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Jonathan Karrant, featuring Jane Monheit and Houston Person - Love Dance
(Virtuoso Music, 2023)
Jonathan Karrant is a song stylist. Jerry Lee Lewis considered himself the same, humbly comparing himself with Al Jolson, Jimmy Rodgers, and Hank Williams. While it is an august group of artists, Karrant is a stylist of a different cut. He would more closely compare with artists like Bobby Short, Ute Lemper, and Frank Sinatra, and the singers' axis formed by Bing Crosby, Fred Astaire, and Mel Tormé. If this appears to be a disparate group of singers, it is. Karrant’s talent is unique by having been influenced by all of them, but never to the point where his singular identity bore a shadow other than his.
Karrant emerges from his recent success with Christmas Wish (Virtuoso Music, 2022) with Eclectic (Virtuoso Music, 2023), which will be released this September. The singer primes the market with a taste from the single “Love Dance.” Karrant shares the stage in a duet with Jane Monheit and features Houston Person’s dry and expansive tenor saxophone. Monheit released her own collection of holiday songs in 2022, The Merriest (Club 44 Records), that stood up well with Karrant’s as bookends for the Christmas Season. She is an ideal duet partner with Karrant, both having an easy vocal style and range.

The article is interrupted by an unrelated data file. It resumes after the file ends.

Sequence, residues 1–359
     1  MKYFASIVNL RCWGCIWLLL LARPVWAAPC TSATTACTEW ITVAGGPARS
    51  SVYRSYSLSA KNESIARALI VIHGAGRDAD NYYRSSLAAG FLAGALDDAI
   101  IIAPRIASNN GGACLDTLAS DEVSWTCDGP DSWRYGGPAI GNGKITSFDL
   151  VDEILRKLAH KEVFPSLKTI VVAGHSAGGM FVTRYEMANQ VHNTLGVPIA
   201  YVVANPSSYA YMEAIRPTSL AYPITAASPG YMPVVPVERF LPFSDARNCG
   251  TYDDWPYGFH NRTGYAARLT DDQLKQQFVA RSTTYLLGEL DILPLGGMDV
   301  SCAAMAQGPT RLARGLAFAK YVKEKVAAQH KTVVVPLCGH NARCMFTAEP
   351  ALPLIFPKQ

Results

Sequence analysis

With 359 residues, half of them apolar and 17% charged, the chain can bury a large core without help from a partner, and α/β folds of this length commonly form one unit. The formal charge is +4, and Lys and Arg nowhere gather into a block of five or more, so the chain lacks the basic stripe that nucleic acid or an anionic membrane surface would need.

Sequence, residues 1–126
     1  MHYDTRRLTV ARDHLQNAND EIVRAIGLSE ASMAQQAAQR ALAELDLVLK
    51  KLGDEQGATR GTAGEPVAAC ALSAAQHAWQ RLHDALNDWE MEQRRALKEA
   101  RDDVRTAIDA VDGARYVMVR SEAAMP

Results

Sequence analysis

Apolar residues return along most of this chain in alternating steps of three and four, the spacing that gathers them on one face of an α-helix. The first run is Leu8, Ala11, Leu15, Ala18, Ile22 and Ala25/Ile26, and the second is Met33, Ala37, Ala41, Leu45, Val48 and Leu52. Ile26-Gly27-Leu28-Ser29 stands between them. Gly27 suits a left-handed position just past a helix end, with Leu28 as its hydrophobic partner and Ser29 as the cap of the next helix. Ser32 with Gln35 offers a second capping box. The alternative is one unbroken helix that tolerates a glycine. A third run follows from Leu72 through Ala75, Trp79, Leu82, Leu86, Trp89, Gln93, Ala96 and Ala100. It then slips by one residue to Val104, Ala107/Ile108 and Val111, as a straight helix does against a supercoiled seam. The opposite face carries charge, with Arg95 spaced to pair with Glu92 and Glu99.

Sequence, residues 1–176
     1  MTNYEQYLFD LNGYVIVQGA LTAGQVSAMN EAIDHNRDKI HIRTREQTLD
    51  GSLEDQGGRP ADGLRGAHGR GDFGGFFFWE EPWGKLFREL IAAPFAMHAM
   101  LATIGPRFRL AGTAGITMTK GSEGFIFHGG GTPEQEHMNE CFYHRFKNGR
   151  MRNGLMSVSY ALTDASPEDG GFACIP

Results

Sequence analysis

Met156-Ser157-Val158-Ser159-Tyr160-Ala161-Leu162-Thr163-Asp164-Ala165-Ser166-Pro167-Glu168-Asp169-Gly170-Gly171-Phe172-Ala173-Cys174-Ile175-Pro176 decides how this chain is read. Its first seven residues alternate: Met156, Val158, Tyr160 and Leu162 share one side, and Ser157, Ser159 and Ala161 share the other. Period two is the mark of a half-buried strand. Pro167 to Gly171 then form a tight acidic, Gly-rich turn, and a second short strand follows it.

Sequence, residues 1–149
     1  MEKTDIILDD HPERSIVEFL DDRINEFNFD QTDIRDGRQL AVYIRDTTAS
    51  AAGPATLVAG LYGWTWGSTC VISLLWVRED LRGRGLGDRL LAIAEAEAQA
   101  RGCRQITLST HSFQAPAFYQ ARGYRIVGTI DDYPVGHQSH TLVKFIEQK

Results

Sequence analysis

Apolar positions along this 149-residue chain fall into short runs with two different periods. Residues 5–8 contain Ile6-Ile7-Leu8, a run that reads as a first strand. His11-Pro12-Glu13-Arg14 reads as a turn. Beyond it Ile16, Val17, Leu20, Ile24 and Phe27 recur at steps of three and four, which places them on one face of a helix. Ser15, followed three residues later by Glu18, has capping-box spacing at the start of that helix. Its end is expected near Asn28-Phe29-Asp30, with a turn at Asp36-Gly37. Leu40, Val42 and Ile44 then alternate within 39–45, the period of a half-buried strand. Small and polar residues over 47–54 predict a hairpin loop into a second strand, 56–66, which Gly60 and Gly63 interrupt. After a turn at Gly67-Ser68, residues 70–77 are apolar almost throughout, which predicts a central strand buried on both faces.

“Love Dance” was composed by Ivan Lins, Gilson Peranzzetta, and Vitor Martins originally as “Lembrança“ in 1981, the song has enjoyed much attention from vocalists and instrumentalists alike. Covered vocally by artists from Shirley Horn to Dianne Schurr and instrumentally from Frank Morgan to Harry Allen. Monheit has already taken a swing at it with Ivan Lins on her Concord recording Surrender (2007). But Kurrant and Monheit together produce a sexy fun alchemy that made this writer blush.
The song is arranged within the small and intimate environment of the piano trio (pianist Patrick Hogan, bassist Nick Schmitt, and drummer Jeremy Klewicki). The rhythm section provides a languid and lazy mood for the principals to bask in the afterglow. Person’s tenor saxophone sets the mood with his dry and sleepy tenor descending to wake Monheit, gently stretching while Karrant quietly reminisces of the previous hours of bliss. Together, the singers create a drama both familiar and nostalgic.
Too much? Think not. This song was meant to be the expression of love, touch, and playful sensuousness, a tactile as much as aural experience. Karrant and Monheit skillfully turn up the temperature, kindled by Person’s tender obbligato to a skillful and satisfying coda. This song is a Sunday morning well spent. This is Romance.